Glory be: A Biden apparatchik (sort of) told the truth!
“I’m very concerned that social media has become an important contributor to the pain and the struggles that many of our young people are facing,” said Surgeon General Vivek Murthy of his agency’s new advisory on social media use among kids.
Hel-lo: The facts merit far more than mewling about “concern.”
More than a third of 13- to17-year-olds say they use social media “almost constantly,” per Murthy’s own advisory.
And it starts earlier, with 40% of children ages 8 to 12 on social media to at least a significant degree.
Per the latest Centers for Disease Control assessment of adolescent mental health, 42% of teens experience persistent sadness or hopelessness; 22% have seriously considered suicide.
For girls alone, it’s 30% sad or hopeless, 29% contemplating suicide.
And the bulk of reputable studies now show a correlation between social media use and mental-health issues.
That’s as the bulk of reputable studies now show a correlation between social media use and mental-health issues.
Yet Murthy’s advisory only claims, limply: “At this time, we do not yet have enough evidence to determine if social media is sufficiently safe for children and adolescents.”
We do have enough evidence. It’s not safe.
Indeed, any parent knows intuitively that social media is bad news for developing minds.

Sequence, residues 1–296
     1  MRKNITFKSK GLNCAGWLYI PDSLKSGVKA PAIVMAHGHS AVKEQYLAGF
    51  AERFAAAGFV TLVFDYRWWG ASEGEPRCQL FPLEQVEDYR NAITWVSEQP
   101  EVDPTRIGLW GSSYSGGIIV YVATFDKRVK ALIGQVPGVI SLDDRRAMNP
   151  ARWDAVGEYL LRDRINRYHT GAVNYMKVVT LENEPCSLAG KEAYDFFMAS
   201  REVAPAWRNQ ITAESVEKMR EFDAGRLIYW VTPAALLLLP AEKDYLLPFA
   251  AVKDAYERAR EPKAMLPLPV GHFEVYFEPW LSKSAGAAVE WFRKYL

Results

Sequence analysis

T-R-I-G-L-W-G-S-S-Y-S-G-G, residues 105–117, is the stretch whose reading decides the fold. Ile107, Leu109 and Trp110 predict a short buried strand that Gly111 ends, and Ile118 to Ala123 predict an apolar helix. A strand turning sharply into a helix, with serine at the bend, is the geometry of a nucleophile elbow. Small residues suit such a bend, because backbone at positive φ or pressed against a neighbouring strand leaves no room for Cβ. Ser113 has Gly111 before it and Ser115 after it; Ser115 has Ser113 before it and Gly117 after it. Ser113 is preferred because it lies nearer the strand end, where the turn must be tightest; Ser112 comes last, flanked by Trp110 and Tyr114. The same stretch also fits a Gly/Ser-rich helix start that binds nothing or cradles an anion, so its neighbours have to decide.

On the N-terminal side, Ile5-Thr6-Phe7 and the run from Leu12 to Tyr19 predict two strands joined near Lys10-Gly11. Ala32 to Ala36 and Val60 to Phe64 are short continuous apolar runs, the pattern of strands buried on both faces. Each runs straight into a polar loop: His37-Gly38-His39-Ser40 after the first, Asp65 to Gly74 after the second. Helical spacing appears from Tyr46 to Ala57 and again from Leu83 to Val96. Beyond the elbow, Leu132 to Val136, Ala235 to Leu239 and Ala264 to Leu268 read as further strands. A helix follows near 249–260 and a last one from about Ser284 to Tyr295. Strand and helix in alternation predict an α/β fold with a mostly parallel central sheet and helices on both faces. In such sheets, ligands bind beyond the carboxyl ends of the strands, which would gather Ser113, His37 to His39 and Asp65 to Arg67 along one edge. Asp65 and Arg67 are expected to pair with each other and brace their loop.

Hop on TikTok, no matter your age, and get bombarded with sex, drugs and violence. (Same for other sites.)
So why Murthy’s hesitance?
Remember, the man’s a screeching COVID hysteric: always at the ready to promote utterly useless interventions with zero scientific support.
Yet here, facing clear facts, he somehow can’t thunder out a warning.
Nor (he’s a Biden official, after all) resist adding a dose of woke insanity.
At one point, his advisory calls for parents to create “tech free” zones; at another, it insists that for LGBTQ youth, social media is actually good.
In the CDC’s most recent survey, close to 70% of LGBTQ students experienced persistent feelings of sadness or hopelessness; almost 25% attempted suicide.
If anything, these kids need protection more than their straight peers.
Social media isn’t going anywhere, for good or ill.
But letting kids have unfettered access to it is dangerous and deeply wrong, and Murthy should say so without weaseling.
This shouldn’t be controversial; indeed it wouldn’t — no parent anywhere would disagree.
Too bad Murthy lacks even the modicum of courage necessary to say as much.